An article in the London Times on August 28th, 2018, described a miracle moment of baby Max when a cochlear implant was switched on in May 2018, just after his first birthday, and Max turned to his mother, Rebecca, in wide-eyed, open-mouthed astonishment.
The cochlear implants, which cost about US$10,00 for each ear, are electronic devices that perform the same action as the inner ear, or cochlea, which is often damaged in people who are deaf.
A sound processor worn outside the ear captures sounds and turns them into digital signals that are picked up by an implant placed inside the head via surgery. It converts the signals into electrical impulses that it sends through the ear to stimulate the hearing nerve. This sends signals to the brain that are interpreted as sound.
The research efforts on cochlear implant had been long that started in the 1950s, thanks to the pioneering efforts of scientists such as Mr Djourno and Mr. Eyries in France, Dr James Doyle in USA, Dr Simmons in USA, and Dr Graem Clark in Australia.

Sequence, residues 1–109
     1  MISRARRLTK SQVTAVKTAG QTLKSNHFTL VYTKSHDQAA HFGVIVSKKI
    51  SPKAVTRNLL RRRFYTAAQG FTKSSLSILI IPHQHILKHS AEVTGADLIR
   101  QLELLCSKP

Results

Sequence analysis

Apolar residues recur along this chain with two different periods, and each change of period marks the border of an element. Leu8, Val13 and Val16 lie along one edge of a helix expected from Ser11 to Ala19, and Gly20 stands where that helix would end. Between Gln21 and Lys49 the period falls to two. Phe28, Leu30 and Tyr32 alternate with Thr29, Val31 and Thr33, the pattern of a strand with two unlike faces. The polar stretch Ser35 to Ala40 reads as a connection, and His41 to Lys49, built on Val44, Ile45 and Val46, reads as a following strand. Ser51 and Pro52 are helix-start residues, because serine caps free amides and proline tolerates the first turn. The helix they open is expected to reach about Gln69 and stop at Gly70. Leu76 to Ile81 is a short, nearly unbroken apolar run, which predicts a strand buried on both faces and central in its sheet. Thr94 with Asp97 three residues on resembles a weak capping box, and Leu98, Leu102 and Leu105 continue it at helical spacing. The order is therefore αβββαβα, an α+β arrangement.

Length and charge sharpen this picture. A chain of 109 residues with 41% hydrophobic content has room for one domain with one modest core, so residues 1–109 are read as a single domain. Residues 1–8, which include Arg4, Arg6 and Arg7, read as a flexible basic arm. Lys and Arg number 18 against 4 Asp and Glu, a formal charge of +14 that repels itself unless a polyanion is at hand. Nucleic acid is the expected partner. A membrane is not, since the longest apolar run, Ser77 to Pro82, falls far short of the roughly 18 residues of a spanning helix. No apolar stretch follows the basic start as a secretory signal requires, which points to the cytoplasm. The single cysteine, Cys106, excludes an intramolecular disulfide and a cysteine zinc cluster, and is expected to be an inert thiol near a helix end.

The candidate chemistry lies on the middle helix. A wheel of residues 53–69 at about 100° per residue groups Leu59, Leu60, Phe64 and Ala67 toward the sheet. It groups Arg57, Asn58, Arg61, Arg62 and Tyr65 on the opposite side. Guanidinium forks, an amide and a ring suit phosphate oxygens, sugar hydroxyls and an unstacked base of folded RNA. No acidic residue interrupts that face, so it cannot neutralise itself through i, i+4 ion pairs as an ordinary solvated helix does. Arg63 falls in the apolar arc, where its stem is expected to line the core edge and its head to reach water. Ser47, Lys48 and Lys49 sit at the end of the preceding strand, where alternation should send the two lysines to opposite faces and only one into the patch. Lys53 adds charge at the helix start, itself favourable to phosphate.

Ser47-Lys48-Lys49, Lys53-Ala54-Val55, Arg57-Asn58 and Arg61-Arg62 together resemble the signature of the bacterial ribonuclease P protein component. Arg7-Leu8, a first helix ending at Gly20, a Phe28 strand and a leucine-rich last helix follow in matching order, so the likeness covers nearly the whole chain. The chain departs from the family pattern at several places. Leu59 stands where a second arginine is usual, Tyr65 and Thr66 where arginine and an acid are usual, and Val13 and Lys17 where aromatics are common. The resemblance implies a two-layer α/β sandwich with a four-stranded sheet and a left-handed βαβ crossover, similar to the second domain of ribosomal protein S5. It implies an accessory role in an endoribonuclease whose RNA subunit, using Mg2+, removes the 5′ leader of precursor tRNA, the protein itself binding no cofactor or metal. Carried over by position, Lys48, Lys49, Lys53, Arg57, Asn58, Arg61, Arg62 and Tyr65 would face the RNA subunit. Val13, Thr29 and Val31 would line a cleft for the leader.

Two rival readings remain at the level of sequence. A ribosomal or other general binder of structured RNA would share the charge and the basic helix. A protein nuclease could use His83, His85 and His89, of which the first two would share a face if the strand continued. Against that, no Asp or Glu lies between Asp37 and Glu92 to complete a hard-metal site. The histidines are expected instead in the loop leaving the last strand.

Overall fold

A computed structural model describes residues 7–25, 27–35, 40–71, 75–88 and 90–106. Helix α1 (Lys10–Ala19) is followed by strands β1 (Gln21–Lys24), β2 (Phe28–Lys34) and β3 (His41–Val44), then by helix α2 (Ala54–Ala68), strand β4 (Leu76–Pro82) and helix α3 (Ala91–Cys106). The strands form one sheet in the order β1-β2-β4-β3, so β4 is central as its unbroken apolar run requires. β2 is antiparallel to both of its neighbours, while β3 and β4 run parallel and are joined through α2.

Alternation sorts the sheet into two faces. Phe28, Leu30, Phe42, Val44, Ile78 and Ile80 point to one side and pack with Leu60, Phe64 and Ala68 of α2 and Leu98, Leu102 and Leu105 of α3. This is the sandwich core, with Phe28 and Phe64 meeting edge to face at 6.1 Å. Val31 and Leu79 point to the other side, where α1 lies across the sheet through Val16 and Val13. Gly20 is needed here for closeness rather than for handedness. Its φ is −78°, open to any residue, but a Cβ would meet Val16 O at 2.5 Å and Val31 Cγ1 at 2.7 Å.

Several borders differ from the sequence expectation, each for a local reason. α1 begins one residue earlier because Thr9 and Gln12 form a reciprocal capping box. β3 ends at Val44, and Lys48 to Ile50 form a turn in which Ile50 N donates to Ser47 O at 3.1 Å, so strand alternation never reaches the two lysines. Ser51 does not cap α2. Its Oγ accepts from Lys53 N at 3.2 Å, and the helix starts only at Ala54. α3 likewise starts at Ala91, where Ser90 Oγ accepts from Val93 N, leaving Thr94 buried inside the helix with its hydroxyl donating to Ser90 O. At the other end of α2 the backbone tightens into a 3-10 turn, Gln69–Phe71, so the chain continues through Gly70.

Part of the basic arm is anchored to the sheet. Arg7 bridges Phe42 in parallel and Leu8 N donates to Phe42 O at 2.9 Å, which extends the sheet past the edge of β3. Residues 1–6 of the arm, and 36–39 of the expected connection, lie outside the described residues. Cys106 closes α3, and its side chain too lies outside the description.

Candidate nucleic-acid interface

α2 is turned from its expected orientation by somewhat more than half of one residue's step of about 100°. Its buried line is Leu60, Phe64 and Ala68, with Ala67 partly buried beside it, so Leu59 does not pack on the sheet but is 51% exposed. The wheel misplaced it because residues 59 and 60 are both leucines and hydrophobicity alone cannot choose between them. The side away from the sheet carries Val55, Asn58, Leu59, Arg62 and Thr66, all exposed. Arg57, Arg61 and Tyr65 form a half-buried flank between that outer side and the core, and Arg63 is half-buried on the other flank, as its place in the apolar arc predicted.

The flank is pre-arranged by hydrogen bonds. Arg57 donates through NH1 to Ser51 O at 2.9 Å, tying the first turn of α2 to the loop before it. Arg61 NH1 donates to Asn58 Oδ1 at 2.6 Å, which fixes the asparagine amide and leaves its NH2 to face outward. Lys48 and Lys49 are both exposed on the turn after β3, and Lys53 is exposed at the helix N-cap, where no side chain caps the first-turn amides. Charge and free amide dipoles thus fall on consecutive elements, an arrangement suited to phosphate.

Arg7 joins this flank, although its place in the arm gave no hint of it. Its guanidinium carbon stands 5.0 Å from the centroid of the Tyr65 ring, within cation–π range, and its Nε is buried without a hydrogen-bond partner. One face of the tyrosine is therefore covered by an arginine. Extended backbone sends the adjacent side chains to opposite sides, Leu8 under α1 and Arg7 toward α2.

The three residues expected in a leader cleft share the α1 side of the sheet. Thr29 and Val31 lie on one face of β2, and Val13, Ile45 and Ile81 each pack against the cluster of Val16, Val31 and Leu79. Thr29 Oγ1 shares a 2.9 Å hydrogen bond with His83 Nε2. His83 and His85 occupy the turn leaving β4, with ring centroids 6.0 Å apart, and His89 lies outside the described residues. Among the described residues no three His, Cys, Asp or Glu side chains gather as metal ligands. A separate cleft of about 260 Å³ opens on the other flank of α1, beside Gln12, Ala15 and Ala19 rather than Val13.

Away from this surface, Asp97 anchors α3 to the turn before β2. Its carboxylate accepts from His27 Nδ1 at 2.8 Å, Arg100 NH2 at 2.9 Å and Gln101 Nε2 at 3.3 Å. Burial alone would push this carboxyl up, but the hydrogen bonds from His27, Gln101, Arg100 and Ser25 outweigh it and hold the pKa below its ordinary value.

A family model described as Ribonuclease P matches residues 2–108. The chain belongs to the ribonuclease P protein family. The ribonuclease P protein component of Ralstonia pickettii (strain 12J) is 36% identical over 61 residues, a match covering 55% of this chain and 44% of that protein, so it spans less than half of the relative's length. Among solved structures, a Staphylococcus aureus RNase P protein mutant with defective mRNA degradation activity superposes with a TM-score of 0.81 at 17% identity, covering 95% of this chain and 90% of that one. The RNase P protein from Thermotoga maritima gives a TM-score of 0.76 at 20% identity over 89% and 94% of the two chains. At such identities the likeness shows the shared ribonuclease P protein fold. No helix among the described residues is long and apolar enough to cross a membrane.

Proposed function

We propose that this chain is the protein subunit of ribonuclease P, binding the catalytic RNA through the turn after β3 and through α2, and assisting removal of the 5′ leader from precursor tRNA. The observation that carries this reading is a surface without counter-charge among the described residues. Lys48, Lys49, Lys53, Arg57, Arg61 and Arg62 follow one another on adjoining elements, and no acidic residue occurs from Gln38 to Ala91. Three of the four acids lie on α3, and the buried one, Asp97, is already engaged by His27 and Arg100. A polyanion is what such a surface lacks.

An excellent 1993 paper by Andrew H. Van de Van and Raghu Garud, Innovation and Industry Development: The Case of Cochlear Implant, examined how the cochlear implant industry had emerged from 1960s to 1990s. They noted the existence of an industrial infrastructure that includes institutional arrangements, resource endowments, and technical economic activities.
It is found that this infrastructure of cochlear implants industry emerged through an accretion of numerous technical and institutional events involving many public and private sector actors over an extended period of time.
Moreover, this institutional arrangements and resource endowments that emerged to facilitate and provide momentum of the cochlear implant industry became the inertial forces that hindered subsequent technological developments by private firms. The findings emphasize that the management of innovation must be concerned not only with micro-developments of a proprietary technical device but also with the creation of an industrial system that embodies the social, economic, and political infrastructure that any technological community need to sustain its members.
Andrew H. Van de Ven and Raghu Garud (1993). Innovation and Industry Development: The Case of Cochlear in Research on Technological Innovation, Management and Policy, Volume 5, page 1-46.
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